Half of students in a California classroom tested positive for COVID-19 after a teacher came into school while infected with the Indian ‘Delta’ variant, a new Centers for Disease Control and Prevention (CDC) report finds.
The elementary school teacher, in Marin County, California, felt symptomatic but continued to work for two days before receiving his or her positive test result.
Occasionally, the teacher – who was unvaccinated – read aloud unmasked to the class despite requirements by the school to be masked indoors at all times.
Within one week, 12 of the 24 pupils in the class were confirmed to be infected with the virus – seven of whom sat in the front two rows.
What’s more, at least six kids in separate grade tested positive for Covid as well as eight parents and siblings of students in the two grades.
The authors say the findings shows how highly transmissible the Delta variant is and recommend that all teachers and school staff members be vaccinated against COVID-19 to avoid passing the disease onto children who are too young to receive the shots.
A new CDC report details how an unmasked and unvaccinated schoolteacher in Marin County, California, worked for two days before testing positive for COVID-19. Pictured: Third grade teacher Keyona Moxey teaches students at Warner Arts Magnet Elementary in Nashville, Tennessee, August 20
Following the teacher’s test result, 12 of 24 kids in the teacher’s class tested positive, including all five children who sat in the front row (above)
According to the report, which was published on Friday, the teacher worked at a school in Marin County – just north of San Francisco – with 205 students in Pre-K through 8th grade and 24 staff members.
All the staff members were vaccinated against COVID-19 aside from two, including the teacher mentioned in the study.
He or she began experiencing symptoms on May 19, including nasal congestion and fatigue, but worked the following two days.
Over that time period, the teacher reported more symptoms including fever, cough and a headache.
Although the school required teachers and students to wear mask indoors at all times, per CDC recommendations, the teacher did not wear a face covering while reading aloud to the class.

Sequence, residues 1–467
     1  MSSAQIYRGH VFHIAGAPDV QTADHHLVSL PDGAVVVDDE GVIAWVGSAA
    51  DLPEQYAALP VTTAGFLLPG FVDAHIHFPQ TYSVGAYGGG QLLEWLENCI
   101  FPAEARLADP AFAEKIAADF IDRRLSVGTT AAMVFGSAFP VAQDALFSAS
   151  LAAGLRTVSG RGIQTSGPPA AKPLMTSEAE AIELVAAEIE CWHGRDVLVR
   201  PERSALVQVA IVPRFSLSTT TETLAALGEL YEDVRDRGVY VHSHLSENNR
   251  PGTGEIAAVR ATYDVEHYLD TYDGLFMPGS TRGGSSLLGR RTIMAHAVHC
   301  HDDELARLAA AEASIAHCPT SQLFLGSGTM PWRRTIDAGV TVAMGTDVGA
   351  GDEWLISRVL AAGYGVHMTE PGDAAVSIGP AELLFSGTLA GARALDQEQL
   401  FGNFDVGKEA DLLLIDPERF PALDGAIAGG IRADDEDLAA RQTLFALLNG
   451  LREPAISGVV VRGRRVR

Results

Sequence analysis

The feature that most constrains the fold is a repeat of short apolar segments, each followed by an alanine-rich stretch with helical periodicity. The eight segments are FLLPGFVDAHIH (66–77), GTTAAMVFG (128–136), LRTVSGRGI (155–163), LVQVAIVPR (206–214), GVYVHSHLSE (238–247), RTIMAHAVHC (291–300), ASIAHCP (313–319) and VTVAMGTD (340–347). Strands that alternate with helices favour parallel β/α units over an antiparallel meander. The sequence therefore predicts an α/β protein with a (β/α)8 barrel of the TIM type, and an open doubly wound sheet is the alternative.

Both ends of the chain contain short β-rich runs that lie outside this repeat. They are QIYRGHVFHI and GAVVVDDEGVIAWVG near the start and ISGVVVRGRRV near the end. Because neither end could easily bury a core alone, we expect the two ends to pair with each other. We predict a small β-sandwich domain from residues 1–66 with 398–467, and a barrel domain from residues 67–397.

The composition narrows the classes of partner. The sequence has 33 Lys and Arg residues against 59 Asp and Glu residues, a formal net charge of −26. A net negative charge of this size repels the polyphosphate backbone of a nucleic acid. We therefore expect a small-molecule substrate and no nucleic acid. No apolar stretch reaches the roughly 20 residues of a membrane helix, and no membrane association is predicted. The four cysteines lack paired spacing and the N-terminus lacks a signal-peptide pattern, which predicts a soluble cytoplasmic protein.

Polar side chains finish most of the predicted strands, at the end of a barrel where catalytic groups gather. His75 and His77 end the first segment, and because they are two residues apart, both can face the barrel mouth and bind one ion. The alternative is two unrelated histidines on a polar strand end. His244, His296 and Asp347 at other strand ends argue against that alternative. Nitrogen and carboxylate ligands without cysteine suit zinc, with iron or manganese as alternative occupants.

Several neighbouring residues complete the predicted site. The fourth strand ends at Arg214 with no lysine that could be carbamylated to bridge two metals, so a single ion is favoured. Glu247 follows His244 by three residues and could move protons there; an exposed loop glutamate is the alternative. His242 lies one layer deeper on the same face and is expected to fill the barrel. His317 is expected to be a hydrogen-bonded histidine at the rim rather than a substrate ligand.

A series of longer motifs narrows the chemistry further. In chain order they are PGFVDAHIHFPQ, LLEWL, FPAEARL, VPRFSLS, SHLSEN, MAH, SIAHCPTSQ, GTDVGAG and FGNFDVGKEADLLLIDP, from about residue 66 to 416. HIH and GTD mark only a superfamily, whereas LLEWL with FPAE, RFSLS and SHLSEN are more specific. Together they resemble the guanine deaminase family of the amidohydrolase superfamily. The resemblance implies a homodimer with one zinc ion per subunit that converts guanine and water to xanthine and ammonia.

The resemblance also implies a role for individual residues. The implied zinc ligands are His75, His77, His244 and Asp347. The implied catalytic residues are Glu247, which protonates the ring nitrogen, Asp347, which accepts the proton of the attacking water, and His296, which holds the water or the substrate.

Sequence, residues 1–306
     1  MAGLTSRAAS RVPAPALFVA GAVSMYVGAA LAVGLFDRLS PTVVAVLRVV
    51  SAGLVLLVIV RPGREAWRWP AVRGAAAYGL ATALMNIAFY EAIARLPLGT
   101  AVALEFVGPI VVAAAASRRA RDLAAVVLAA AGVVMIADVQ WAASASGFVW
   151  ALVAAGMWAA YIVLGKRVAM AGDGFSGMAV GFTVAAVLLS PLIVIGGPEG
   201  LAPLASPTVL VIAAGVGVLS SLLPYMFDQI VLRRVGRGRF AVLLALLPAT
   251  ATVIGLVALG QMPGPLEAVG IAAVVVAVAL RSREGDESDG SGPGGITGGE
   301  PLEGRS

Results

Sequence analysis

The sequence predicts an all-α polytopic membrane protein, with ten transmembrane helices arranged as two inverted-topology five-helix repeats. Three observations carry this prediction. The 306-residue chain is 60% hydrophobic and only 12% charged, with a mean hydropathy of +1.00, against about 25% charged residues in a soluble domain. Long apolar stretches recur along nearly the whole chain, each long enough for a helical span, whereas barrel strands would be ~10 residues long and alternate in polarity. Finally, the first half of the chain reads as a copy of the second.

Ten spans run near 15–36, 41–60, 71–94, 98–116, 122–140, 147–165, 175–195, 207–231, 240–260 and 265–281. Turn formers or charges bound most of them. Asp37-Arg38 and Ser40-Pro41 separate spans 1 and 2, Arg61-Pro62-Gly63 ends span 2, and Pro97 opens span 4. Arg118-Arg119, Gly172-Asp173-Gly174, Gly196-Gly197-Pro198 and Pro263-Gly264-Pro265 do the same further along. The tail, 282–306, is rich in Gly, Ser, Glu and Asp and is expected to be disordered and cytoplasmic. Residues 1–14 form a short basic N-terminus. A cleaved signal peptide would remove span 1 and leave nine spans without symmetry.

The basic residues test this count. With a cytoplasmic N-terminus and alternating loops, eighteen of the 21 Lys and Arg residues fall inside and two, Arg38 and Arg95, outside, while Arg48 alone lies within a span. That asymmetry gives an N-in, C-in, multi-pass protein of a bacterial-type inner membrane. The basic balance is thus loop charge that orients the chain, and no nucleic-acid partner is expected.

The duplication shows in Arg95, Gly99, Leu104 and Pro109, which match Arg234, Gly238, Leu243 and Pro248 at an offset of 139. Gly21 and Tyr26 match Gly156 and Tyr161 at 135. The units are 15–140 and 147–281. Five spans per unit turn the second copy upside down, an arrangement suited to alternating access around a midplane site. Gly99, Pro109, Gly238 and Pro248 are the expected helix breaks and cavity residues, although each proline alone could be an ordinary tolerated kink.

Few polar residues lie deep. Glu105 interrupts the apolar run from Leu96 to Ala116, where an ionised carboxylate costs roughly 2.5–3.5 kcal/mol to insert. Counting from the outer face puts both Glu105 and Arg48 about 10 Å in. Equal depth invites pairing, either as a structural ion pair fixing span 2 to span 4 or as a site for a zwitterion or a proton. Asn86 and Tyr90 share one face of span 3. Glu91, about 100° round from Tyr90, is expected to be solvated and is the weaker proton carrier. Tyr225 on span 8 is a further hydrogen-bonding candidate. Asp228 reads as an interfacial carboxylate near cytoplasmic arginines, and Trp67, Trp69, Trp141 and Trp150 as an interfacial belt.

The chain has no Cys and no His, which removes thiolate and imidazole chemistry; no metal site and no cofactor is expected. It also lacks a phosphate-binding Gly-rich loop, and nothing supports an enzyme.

On May 21, the teacher received a positive COVID-19 test, informed the school and went into isolation until May 30.
Meanwhile, the first students in his or her class began experiencing symptoms on May 22, the day after the positive test result.
Of the 24 kids in the classroom, 22 were tested. In total, 12 children received a positive COVID-19 result.
More than half of the kids who tested positive, or seven, sat in the first two rows, meaning they were closest to the teacher.
All five kids who sat in the front row tested positive and four had symptoms, making up two-thirds of all children with symptoms.
The positive results came despite the desks being placed six feet apart and the children wearing masks while indoors.
What’s more, all classrooms were equipped with portable high-efficiency particulate (HEPA) air filters, and doors and windows were left open.
In addition to the unvaccinated teacher and his or her students, six of 18 kids in a nearby frade were also were confirmed to be infected with COVID-19 as well as siblings and parents of students in the two grades (abve)
CDC authors say the findings show how infectious the Indian ‘Delta’ variant is and recommend that teachers be vaccinated to prevent outbreaks. Pictured: graph shows how quickly the infected teacher spread the virus to other students and their parents
But positive test results didn’t just come from the sick teacher’s classroom.
In a nearby classroom, 14 of 18 students were tested for the virus and six were confirmed to be infected.
There were also eight more cases – one student each from four other grades, who were siblings of the students in the two grades, and four parents.
None of the children who were infected were eligible for vaccination because they are below age 12, the minimum age allowed to receive a COVID-19 vaccine in the U.S.
According to the report, no other staff members in the school became ill and no infected adults or students were hospitalized.
The infected teacher’s sample was submitted for genome sequencing and he or she was revealed to have been infected with the Delta variant.
‘This outbreak of COVID-19 that originated with an unvaccinated teacher highlights the importance of vaccinating school staff members who are in close indoor contact with children ineligible for vaccination as schools reopen,’ the authors wrote.
‘The outbreak’s attack rate highlights the Delta variant’s increased transmissibility and potential for rapid spread, especially in unvaccinated populations such as schoolchildren too young for vaccination.’